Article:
Want To Reduce Concussions NFL? Ditch The Helmets
Did you see that vicious hit on Desean Jackson on Sunday? Brutal, by all means. If you didnt, watch this before it gets taken down off the interwebs.
Dang! I say, dang that was a hit! Amazingly enough, there were several other helmet to helmet and wince inducing hits this past weekend and a lot of players were taken out of their respective games due to them. I mean, James Harrison of the Steelers took out two of the Browns’ receivers all by himself! That is impressive and scary all at once.
Shockingly, due to all of these injuries, the NFL is all up in arms now about the violence of the game.
Imagine that? Football is a violent game. I had no idea.
Anyway, the league feels like the only way to reduce these sorts of injury inducing hits is to hurt the offending player and his team with penalties, ejections, suspensions and fines. As a matter of fact, effective this Wednesday, anyone with a “devastating hit” or helmet to helmet blow can be suspended even if its your first time crushing somebody.
I dunno what the definition of devastating hit is, but what I do know is that I want to see it.
The foolish thing about all this is that the easiest way the NFL can actually prevent helmet to helmet hits is to do one very simple, yet controversial thing…get rid of the helmets.
That’s right, get rid of em. Ditch em. Forget about em. There have been a number of studies that show that the helmets themselves are probably the cause of a lot of these injuries, if you wanna read an excellent article on it, check this out from the Wall Street Journal last year.
If you’re too lazy to read, let me paraphrase. The original hard shelled football helmets weren’t designed to prevent concussions, they were trying to prevent fractured skulls…which is certainly a problem, don’t get me wrong. But, while helmets are great at stopping the fractured skull, they kind of produced a horrible side effect. Players now, with their “protected” heads, stopped caring about protecting their heads and used it as a weapon.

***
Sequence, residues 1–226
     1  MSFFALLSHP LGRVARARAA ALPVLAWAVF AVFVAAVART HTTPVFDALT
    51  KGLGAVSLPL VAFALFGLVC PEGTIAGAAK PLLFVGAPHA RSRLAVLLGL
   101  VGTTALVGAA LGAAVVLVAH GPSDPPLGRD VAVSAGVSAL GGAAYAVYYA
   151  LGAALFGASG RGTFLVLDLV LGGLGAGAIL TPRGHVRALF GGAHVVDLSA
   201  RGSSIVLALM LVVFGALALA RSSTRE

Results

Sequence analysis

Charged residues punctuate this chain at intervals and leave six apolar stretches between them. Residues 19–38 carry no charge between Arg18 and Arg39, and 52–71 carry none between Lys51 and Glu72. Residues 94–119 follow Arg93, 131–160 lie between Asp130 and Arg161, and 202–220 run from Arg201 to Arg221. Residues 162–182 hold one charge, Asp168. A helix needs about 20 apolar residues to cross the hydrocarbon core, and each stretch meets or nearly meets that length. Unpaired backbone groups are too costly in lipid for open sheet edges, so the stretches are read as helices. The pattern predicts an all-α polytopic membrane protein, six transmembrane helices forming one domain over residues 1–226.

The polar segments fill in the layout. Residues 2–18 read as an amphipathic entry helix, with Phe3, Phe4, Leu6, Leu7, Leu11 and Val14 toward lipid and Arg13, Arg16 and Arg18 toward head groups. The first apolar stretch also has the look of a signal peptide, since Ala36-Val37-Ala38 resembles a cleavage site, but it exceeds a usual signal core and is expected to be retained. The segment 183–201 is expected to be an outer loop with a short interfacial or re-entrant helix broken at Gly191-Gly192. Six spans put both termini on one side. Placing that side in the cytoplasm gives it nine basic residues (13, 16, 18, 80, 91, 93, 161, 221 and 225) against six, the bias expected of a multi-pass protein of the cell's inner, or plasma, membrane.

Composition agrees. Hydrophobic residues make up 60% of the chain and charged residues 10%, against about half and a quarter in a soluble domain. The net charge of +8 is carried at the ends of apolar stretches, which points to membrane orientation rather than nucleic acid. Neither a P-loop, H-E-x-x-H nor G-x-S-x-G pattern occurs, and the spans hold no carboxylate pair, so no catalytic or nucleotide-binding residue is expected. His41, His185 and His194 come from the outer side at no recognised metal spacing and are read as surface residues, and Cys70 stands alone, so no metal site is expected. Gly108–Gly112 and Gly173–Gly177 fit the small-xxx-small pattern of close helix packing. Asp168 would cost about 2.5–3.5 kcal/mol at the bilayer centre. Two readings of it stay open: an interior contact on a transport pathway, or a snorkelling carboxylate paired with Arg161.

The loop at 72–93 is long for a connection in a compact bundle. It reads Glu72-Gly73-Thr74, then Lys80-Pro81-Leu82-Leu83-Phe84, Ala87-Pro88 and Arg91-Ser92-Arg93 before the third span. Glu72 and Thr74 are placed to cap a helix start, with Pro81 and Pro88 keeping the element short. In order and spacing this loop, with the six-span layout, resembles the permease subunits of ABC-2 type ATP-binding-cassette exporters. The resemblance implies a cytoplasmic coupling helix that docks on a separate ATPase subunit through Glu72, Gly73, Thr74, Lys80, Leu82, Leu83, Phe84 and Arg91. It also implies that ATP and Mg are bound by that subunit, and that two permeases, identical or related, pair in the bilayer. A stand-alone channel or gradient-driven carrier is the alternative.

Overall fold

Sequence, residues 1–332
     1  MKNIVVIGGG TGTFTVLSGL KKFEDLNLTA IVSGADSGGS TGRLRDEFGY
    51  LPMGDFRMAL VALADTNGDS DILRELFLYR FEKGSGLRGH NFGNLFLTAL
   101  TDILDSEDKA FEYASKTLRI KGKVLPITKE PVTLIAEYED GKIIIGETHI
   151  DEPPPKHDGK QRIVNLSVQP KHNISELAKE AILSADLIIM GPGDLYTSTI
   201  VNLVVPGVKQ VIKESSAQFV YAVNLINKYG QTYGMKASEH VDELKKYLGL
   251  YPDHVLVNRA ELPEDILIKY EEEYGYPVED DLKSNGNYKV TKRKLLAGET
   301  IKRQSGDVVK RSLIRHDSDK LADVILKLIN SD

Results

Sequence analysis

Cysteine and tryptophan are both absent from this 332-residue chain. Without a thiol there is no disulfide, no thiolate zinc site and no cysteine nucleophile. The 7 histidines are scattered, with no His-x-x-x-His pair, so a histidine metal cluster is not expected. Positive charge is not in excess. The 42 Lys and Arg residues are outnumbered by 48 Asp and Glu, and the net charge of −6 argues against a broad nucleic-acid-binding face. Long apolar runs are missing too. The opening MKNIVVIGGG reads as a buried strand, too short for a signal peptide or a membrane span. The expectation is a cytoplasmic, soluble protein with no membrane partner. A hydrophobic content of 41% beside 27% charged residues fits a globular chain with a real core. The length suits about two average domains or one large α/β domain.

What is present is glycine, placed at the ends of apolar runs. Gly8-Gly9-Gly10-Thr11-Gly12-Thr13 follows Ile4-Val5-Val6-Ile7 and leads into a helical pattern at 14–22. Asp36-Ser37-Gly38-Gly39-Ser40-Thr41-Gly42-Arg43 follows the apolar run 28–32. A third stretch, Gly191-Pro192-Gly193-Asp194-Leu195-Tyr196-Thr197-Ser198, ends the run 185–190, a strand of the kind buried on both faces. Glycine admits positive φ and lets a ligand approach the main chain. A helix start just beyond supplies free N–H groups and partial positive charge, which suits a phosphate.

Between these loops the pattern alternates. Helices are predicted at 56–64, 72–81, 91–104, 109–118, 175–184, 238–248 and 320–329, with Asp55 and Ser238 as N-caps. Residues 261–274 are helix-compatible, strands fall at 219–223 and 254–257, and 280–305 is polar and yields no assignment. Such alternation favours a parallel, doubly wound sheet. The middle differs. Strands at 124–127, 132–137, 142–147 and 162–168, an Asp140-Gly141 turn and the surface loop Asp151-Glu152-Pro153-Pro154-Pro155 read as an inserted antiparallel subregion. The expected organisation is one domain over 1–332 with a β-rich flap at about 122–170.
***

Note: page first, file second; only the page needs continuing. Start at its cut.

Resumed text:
From the article,
But while these helmets reduced the chances of death on the field, they also created a sense of invulnerability that encouraged players to collide more forcefully and more often. “Almost every single play, you’re going to get hit in the head,” says Miami Dolphins offensive tackle Jake Long.
Do you think, if you were a football player, you’d be hit in the head as much if you didn’t have a helmet on? Do you think anyone in their right might would “spear” or jump leading with their head at another player to knock him down? Icertainly don’t.
There is a reason that one doesn’t see Australian Football League (Aussie rules rugby) players getting carted off the field with fractured skulls or concussions at nearly the rate that American football players do, that is because they have 25% less head injuries than NFL players.
If you don’t have that helmet on you wouldn’t be throwing yourself at someone that way. Its obvious to me that you cannot lead with your helmet or spear if you don’t have a helmet at all. I mean, if the NFL really wanted something on their heads, they could go back to the old school leather dealies they used to have. Not really the attractive option to say the least.
Sure, without helmets people will still get hurt. There will definitely be some head trauma as a result of not having a helmet and those injuries might be way more immediately graphic than a concussion since that is just the brain getting smashed on the inside of one’s head–but if everyone out there is banging heads every game because as a player you are taught to hit a man with your head first, then odds are most players are going to come down with a concussion at least once in their career whether they know they have one or not. Odds are you probably wont get a fractured skull tho.
Seriously though, if the NFL was really concerned about its players safety and the prevention of concussions, why is this not even being discussed?
Filed under: NFL
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